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For An Author In India's Capital, 'Hope, In Many Ways, Is Fiction'

As a newspaper editor in New Delhi, Raj Kamal Jha has a front row seat to the rapid changes in his hometown. New jobs and a strong economy have made the city a magnet for people across India.

His new novel, She Will Build Him a City, weaves the realities he sees as a journalist and resident in with what he calls the fiction of daily life. "I see more of that in a city like Delhi where you have people coming in every day with hope," he tells NPR's Arun Rath. "And hope, in many ways, is fiction. Hope is the fiction you write inside your head and you work towards that."

The book follows the intertwining lives of three individuals — a mother waiting for her daughter to awaken after a traumatic event, an incredibly wealthy man wrestling with his demons and a baby abandoned on the steps of an orphanage.

Interview Highlights

On what drew him to write about his home city

In the last 10 to 15 years it has really become a magnet for people coming for a better future from across the country. It has become a kind of a hub for new jobs. It has one of the highest per capita incomes in India and it has had a relatively long period of social peace. To me Delhi has been in many ways ... a showcase of a larger story, that is the story of this country. In the last decade or so you've had half a billion people in India who are now below the age of 25. That is almost two times the population of the United States.

Raj Kamal Jha is chief editor of <em>The Indian Express</em> and the author of <em>The Blue Bedspread </em>and<em> If You Are Afraid of Heights.</em>
Neeraj Priyadarshi / Courtesy of Bloomsbury Publishing
Courtesy of Bloomsbury Publishing
Raj Kamal Jha is chief editor of The Indian Express and the author of The Blue Bedspread and If You Are Afraid of Heights.

If you have so many young people, you have at the same time a lot of impatience, a lot of restlessness. To me the most important thing was what happens when that hope does not move into reality. If you have so many young people and they are despairing, what does that mean? So my novel grew as a result of that.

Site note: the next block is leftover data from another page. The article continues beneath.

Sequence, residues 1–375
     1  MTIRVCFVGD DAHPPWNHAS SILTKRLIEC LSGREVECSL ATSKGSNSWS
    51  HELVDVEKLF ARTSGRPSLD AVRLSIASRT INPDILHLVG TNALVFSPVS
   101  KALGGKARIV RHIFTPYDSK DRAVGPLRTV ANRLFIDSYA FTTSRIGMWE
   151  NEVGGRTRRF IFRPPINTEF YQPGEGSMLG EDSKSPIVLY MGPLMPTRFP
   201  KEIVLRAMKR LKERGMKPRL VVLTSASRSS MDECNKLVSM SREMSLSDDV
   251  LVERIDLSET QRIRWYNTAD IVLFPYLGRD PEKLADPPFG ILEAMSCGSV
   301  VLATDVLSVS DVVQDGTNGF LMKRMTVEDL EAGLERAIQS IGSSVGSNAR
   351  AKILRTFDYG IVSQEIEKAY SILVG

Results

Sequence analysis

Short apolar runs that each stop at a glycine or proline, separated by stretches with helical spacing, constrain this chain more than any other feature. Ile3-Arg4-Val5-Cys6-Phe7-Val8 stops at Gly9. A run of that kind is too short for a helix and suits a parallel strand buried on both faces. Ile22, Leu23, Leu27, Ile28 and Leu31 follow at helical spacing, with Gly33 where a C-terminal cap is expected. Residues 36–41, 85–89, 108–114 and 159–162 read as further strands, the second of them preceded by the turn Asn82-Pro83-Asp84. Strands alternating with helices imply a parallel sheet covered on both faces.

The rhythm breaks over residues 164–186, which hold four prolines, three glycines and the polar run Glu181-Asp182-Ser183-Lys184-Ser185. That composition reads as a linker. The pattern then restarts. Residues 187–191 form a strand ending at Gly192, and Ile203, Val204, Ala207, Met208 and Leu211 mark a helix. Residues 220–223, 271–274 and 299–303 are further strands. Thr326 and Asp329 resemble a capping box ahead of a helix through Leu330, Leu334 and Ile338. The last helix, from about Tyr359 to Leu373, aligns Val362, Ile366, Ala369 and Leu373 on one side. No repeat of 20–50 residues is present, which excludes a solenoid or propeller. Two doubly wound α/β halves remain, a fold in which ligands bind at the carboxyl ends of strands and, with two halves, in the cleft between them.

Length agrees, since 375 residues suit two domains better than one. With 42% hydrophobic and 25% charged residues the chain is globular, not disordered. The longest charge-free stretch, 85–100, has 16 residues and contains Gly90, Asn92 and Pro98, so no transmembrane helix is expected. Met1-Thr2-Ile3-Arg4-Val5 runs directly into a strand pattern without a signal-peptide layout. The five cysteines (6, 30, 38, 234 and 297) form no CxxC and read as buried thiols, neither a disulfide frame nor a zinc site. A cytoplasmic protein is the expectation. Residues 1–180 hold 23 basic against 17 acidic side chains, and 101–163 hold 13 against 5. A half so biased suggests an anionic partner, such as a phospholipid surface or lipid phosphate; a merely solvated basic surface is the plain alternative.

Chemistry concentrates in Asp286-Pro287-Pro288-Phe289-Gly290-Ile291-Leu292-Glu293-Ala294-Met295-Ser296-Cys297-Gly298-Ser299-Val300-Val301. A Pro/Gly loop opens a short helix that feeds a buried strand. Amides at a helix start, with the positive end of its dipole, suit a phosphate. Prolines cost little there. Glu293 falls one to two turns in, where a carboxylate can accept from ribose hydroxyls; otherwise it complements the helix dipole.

On weaving magic into the harsh reality of the city

It is much more fun to write when you can make a dog fly. It is much easier to make stuff up like that, but on another level what I wanted to get in the book ... is the fiction with which we live on a daily basis. And I see more of that in a city like Delhi where you have people coming in every day with hope. And hope, in many ways, is fiction. Hope is the fiction you write inside your head and you work towards that. And fiction has magic.

I think a lot of us who live inside of our heads or when we are in the solitude of our own selves, we don't know what is fact and what is fiction, the line is very, very blurred. And to me the magic in the book is almost real in the sense that you feel that the dog needs to fly away because she cannot walk away. Or you feel that the girl has to fly with holding onto the balloon, that she has to look down on the city. You don't want her to be on the same level as the other 20 million people in the city. You want her to soar above. So, in a way, it came very naturally.

On the recent influx of successful Indian writers

In the last 10 years, the number of people in the cities in India for the first time has gone up, more than the number of people that live in villages. When you have a lot of social and political and economic fault lines — fault lines make wonderful stories, I think. And I think you will see more and more people telling those stories. There are a lot of stories waiting to be told.

Copyright 2023 NPR. To see more, visit https://www.npr.org.

NPR Staff